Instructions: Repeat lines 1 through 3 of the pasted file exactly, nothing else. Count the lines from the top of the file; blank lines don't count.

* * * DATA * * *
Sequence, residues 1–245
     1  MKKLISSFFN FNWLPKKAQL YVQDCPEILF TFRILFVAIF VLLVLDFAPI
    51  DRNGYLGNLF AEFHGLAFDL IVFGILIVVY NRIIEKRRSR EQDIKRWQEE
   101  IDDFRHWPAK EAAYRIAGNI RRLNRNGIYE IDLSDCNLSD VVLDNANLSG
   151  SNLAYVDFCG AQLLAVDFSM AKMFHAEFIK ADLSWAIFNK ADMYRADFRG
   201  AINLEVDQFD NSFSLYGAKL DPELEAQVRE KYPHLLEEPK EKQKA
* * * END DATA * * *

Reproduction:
Sequence, residues 1–245
     1  MKKLISSFFN FNWLPKKAQL YVQDCPEILF TFRILFVAIF VLLVLDFAPI
    51  DRNGYLGNLF AEFHGLAFDL IVFGILIVVY NRIIEKRRSR EQDIKRWQEE